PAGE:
Difference between Contracts and Agreements and, the essentials of a valid contract

Updated: Sep 13, 2021

Before we dive into the intricacies that must be satisfied for a contract to be valid, it is important to understand the core difference between an agreement and a contract.

What is an agreement?

Two people shaking hands in agreement

An agreement is a form of cross-reference between two different parties, which may be written, oral and it ultimately lies upon the honour of the parties to fulfil the said promise.

As per Section 2(e) of the Indian Contract Act, 1872:

"Every promise and every set of promises, forming the consideration for each other is an agreement."

An agreement, therefore, comes into existence only when one party makes a proposal or offer to the other party and the other party signifies its assent thereto.

As per Section 10 of the Indian Contract Act, 1872, an agreement to become a contract must give rise to a legal obligation. If an agreement is incapable of creating a duty enforceable by law, it's not a contract.

What is a contract?

A person signing a contract

A contract is a legally binding agreement or relationship that exists between two or more parties to do or abstain from performing certain acts. There must be an offer and acceptance for a contract to be formed. An offer must be backed by acceptance for which there must be a consideration.

According to Section 2(h) of the Act,

"An agreement enforceable by law is a contract."

Thus, a contract always has two essential elements:-

1. An agreement.

2. Legal obligation i.e. duty enforceable by law.

Illustration- A School enters into a negotiation with an event management team for organizing its annual fest. The team agrees to the proposal at a decided amount and, signs a document declaring their affirmation to the offer put forward by the school. Thus, a contract is made.

An agreement is a much broader concept than a contract as it does not need to satisfy the conditions or the essentials (as in Section 10 of the Indian Contract Act, 1872).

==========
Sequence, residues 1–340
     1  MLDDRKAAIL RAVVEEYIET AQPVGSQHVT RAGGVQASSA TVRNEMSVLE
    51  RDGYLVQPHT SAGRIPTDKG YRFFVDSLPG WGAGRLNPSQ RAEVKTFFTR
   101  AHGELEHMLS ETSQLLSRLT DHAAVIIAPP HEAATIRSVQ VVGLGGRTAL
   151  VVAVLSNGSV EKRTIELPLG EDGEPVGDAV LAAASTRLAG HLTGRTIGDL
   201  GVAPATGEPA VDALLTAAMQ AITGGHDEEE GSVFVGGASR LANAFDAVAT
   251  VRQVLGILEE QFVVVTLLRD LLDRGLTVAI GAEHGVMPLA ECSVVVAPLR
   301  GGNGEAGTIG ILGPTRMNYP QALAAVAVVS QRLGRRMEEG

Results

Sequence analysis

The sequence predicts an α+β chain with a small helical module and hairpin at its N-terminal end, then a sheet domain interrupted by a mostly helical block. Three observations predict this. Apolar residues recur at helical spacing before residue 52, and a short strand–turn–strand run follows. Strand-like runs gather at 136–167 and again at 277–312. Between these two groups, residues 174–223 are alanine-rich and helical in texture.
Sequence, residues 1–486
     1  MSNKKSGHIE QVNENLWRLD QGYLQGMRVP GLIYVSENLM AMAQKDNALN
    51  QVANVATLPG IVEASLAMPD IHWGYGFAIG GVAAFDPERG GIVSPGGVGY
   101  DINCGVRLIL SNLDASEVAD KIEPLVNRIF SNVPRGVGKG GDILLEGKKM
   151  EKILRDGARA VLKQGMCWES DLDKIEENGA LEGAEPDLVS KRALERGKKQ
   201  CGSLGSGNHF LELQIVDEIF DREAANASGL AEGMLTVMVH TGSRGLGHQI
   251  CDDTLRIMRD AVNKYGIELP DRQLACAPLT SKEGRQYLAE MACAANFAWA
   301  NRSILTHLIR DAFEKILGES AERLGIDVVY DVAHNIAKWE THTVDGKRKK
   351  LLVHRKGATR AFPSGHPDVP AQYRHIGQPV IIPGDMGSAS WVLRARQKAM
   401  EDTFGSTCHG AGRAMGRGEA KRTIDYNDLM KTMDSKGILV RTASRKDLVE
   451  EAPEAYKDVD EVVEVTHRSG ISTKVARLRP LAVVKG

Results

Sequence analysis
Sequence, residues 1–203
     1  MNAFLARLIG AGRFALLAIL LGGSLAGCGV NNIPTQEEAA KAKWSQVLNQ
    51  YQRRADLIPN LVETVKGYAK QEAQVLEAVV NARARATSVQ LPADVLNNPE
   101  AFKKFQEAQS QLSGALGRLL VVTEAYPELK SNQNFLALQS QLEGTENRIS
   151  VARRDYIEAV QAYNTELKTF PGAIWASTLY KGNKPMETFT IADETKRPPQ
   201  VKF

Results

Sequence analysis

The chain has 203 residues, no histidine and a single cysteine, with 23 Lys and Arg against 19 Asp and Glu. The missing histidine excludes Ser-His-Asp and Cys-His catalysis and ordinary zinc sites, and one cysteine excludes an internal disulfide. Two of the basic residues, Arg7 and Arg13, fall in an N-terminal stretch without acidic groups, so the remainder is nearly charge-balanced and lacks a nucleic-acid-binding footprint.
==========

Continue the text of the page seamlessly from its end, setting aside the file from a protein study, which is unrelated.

So, what are these essential conditions that make an agreement, a contract, and therefore, legally enforceable by the parties involved? Find the detailed explanation, below.

The essentials of a valid contract under the Indian Contract Act, 1872:

These essentials are laid down under Section 10 of the Indian Contract Act, 1872 (hereafter referred to as “the act”) which provides that,

All agreements are contracts if they are made by the free consent of parties competent to contract, for a lawful consideration and with a lawful object, and are not hereby expressly declared to be void”

Don't worry, I'll elaborate on this :)

1. There is an agreement between the two parties:

This is based on the maxim- ‘consensus ad idem i.e. meeting of minds of all parties involved. This also means that an offer or proposal [Section 2(a)] has been communicated and the same has been accepted [Section 2(b)] by the other party thereby, signifying the aforementioned meeting of minds in the transaction.

2. The agreement is between parties who are competent to contract:

Competency to contract is provided under Section 11 of the Act:

“Every person is competent to contract who is of the age of majority according to the law to which he is subject, and who is of sound mind and is not disqualified from contracting by any law to which he is subject

Thus, the following three categories of persons are not competent to contract:

i. A person who has not attained the age of majority i.e. a minor. (Refer to the case of Mohori Bibee v. Dharmodas Ghose)

ii. A person who is of an unsound mind.

iii. A person who has been disqualified from contracting by the law.